Radiator Caps

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Original Smith
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Radiator Caps

Post by Original Smith » Sun Mar 22, 2020 10:01 am

I decided to do some research in the latest edition of the guidelines. The radiator cap for 1913 correctly states it is the new low fin stamped design, possibly even late 1912. With the exception of nickel plating in 1917, it remains the same through 1927! I don't believe this to be true! Is it implying that all the stamped brass radiator caps are all aftermarket that have the high stamped fins? I doubt it. I have two designs of high fin caps in my collection. One is typical, and the other is rolled over on the bottom to provide a better seal for the gasket. We need input on this subject, especially from the chief judge!

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Re: Radiator Caps

Post by KWTownsend » Sun Mar 22, 2020 10:51 am

I have two high-fin radiator caps. One I believe to be original and one I believe to be reproduction. They are both cast brass. I have never seen a stamped high-fin radiator cap. Would you please post some detailed pictures of yours, Larry?

In regard to the stamped low-fin radiator caps of post-1912, according to the encyclopedia:

8/20/26 A flange was added at the bottom of the cap where it contacts the radiator cap gasket.

The flange, or rolled-over bottom, makes for a much better seal where it contacts the radiator cap gasket. I have one on my 1919.

: ^ )

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Re: Radiator Caps

Post by CudaMan » Sun Mar 22, 2020 12:10 pm

I have an original stamped radiator cap for my 1924, but I can't use it because it's too tight a fit in the neck of my replacement radiator. One of the vendor supplied cast and plated caps fits much better.

A perfect example of a deviation in a reproduction part driving deviations in other reproduction parts to stay compatible. :(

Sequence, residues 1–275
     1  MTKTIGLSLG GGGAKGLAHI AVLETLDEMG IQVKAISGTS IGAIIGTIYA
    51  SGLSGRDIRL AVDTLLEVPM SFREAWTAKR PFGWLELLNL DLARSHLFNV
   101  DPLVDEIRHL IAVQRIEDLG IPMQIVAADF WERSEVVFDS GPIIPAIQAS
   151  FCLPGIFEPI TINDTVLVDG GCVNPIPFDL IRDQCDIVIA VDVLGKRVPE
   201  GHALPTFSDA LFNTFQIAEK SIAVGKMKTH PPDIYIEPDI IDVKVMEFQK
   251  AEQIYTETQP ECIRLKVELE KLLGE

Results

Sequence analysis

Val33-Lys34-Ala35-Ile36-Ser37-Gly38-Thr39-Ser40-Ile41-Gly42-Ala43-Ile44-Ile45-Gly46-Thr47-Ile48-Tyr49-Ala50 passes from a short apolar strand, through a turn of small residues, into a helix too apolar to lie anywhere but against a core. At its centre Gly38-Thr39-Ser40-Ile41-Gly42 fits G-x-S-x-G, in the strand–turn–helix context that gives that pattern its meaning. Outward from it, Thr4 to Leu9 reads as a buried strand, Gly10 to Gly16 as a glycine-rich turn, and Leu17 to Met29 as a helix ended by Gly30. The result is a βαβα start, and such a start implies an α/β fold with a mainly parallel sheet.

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Re: Radiator Caps

Post by Rich Bingham » Sun Mar 22, 2020 2:13 pm

Yup. Accumulated error. 😟

I thought perhaps some pictures might help. This is the pressed cap on my ‘13, presumed to be correct by two previous owners.
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Re: Radiator Caps

Post by Rich Bingham » Sun Mar 22, 2020 2:16 pm

This one was given to me as “authentic 1913” by a friend who lost his ‘13 in a tragic fire. Small differences may be due to wear ?
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Re: Radiator Caps

Post by Rich Bingham » Sun Mar 22, 2020 2:24 pm

Last, both are pressed brass, bottom edges look the same. I know very early caps had very high, sharp, thin fins; I don’t know if these qualify as “high fin” caps, or unequivocally “1913” correct, but I do recall the later nickeled ones had lower, more rounded “fins”, and the “dome” beneath was a different shape. ??

Cast reproductions look like none of the above to my eyes.
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Re: Radiator Caps

Post by Wayne Sheldon » Sun Mar 22, 2020 3:09 pm

Thank you Rich B for the photos! I wish I could figure out a good way to get pictures from my camera onto the computer. Once on the computer, I have no trouble posting them. But ever since my old (2005?) digital camera died about three or four years ago, both our new cameras have the most idiotically designed programs for downloading the photos onto my computer! NO options, NO choices where I want them. Once downloaded they are automatically ERASED from the camera whether I want them erased or not! The program puts them ANYWHERE! In specific folders they do NOT belong, in letter files, even in the word processing program!